VHA operates one of the largest health care delivery systems in the nation, serving over 9 million enrolled veterans. In providing health care services to veterans, VAMCs use RME which must be reprocessed—that is, cleaned, disinfected, or sterilized—between uses. Improper reprocessing of RME can negatively affect patient care. To help ensure the safety of veterans, VHA policy establishes requirements VAMCs must follow when reprocessing RME and requires a number of related oversight efforts.
GAO was asked to review VHA's reprocessing of RME. This report examines (1) VHA's oversight of VAMCs' adherence to RME policies and (2) challenges VAMCs face in operating their Sterile Processing Services programs, and any efforts by VHA to address these challenges. GAO reviewed relevant VHA documents including RME policies and VISN inspection results for fiscal year 2017. GAO interviewed officials from VHA, all 18 VISNs, and four VAMCs, selected based on geographic variation, VAMC complexity, and data on operating room delays. GAO examined VHA's oversight in the context of federal internal control standards on communication, monitoring, and information.
GAO is making three recommendations to VHA, including that it ensure all RME inspections are being conducted and complete results reported, and that it examine Sterile Processing Services workforce needs and make adjustments, as appropriate. VA concurred with these recommendations.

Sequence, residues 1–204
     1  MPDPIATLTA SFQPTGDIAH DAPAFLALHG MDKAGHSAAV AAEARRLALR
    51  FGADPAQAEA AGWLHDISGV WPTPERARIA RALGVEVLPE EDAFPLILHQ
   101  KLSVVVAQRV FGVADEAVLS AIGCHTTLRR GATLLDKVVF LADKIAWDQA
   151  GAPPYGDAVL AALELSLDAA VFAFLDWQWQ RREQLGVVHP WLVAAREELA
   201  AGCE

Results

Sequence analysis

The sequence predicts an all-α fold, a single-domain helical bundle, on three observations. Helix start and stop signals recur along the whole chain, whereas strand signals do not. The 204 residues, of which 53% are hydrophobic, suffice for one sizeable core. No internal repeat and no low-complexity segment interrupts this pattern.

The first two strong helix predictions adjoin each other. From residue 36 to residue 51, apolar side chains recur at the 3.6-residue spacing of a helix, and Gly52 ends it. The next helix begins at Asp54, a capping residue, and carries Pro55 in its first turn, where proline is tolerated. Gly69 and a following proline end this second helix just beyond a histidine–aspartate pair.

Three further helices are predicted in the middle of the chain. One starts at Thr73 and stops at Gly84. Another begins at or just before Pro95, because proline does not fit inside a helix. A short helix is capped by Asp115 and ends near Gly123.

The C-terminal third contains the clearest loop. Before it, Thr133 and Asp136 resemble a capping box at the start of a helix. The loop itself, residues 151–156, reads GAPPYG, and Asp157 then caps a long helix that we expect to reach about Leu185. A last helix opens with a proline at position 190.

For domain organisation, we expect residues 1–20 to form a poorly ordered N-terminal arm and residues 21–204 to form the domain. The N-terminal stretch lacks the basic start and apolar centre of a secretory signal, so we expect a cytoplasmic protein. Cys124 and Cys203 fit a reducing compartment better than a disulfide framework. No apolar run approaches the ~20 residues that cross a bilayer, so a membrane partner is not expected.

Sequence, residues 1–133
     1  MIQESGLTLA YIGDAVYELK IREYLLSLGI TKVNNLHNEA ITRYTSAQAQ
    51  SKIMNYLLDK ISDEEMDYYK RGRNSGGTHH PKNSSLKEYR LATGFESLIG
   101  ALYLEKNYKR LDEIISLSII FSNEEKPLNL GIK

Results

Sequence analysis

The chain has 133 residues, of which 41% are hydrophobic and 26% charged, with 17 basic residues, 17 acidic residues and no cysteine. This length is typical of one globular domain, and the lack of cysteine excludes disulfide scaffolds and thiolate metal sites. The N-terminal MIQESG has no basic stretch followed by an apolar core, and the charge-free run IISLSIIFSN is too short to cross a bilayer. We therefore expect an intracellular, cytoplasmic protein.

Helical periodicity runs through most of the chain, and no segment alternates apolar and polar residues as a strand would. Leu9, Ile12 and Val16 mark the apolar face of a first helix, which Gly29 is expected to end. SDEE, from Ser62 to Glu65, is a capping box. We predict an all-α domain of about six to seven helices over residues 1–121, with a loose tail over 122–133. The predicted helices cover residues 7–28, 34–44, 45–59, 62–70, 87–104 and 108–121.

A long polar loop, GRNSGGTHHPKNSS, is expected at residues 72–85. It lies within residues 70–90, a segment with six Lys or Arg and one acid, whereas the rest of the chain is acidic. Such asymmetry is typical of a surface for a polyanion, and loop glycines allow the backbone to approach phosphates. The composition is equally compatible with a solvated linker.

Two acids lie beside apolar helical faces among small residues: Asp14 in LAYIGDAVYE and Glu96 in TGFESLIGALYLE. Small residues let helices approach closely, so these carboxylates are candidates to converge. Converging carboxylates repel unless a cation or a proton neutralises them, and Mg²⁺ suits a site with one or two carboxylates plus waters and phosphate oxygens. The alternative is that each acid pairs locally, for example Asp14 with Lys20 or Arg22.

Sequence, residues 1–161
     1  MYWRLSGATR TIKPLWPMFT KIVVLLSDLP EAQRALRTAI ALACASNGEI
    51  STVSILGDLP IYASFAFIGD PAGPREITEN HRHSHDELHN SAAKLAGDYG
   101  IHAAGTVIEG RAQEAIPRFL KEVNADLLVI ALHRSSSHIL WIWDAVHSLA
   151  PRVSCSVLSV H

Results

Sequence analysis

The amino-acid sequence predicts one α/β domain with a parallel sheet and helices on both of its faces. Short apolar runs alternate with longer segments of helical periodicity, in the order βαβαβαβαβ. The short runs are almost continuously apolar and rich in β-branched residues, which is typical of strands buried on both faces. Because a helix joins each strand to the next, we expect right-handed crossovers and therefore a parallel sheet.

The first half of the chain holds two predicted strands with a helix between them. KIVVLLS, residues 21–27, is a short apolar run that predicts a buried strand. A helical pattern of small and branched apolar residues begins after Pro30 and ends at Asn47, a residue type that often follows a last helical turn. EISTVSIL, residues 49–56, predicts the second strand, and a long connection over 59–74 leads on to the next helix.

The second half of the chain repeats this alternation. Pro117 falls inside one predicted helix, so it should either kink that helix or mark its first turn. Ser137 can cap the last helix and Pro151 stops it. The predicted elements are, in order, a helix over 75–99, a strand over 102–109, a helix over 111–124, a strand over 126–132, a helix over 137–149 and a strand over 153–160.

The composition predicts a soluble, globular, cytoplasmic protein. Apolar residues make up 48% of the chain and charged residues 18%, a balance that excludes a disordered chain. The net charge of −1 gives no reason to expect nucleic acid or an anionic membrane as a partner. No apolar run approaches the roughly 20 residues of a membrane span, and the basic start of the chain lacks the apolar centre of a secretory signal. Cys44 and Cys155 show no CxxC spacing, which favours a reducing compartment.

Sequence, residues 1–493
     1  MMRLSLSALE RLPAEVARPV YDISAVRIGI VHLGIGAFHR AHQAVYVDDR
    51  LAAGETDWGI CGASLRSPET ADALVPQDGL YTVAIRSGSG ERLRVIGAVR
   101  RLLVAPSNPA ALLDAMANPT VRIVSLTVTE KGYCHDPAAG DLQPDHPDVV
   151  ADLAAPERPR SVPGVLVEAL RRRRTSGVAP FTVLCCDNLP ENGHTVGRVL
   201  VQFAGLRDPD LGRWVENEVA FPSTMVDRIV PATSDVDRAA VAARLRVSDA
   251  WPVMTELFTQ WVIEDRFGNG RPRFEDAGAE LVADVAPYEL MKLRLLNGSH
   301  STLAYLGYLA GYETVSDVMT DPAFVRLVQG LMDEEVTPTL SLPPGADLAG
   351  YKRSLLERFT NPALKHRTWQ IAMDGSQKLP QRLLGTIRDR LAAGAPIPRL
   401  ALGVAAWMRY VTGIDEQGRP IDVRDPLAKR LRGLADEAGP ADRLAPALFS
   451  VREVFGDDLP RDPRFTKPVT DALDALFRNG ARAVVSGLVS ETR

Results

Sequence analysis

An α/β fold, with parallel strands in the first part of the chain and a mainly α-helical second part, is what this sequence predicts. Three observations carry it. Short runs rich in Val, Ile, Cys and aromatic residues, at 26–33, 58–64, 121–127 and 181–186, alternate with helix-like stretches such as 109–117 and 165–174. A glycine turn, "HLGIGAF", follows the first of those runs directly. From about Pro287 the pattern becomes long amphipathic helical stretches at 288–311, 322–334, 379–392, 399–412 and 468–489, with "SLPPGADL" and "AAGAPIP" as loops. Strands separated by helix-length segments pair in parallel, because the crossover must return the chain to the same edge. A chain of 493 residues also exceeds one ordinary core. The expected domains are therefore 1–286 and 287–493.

Recommendations for Executive Action
|Veterans Health Administration||The Under Secretary of Health should ensure all RME inspections are being conducted and reported as required and that the inspection results VHA has are complete. (Recommendation 1)||
VA agreed with this recommendation and has provided information on the specific actions it has taken to ensure RME inspections are being conducted, reported, and include complete results. Specifically, based on information provided in February 2021, VA established an oversight process for reviewing and monitoring findings from the inspections that includes an accountability tool (allowing for the standardization of inspections and data reviews, among other capabilities) that is utilized by both the National Program Office of Sterile Processing and a new National Reusable Medical Equipment Advisory Board.
|Veterans Health Administration||The Under Secretary of Health should consistently analyze and share top common RME inspection findings and possible solutions with VISNs and VAMCs. (Recommendation 2)||
VA agreed with this recommendation and has provided information on specific actions it has taken to analyze and share RME inspection findings and solutions. For example, VA has created trainings and enhanced communications through which information on top RME findings and potential solutions have been shared. VA has also indicated that it will continue analyzing and sharing RME inspection findings on an ongoing basis.
|Veterans Health Administration||The Under Secretary of Health should examine the Sterile Processing Services workforce needs and take action based on this assessment, as appropriate. (Recommendation 3)||
VA agreed with this recommendation and indicated it would review workforce needs and take necessary actions. VA has described some of the actions taken and in a May 2022 update noted that actions would be completed in fall 2022. We will update the status of this recommendation when additional information is received.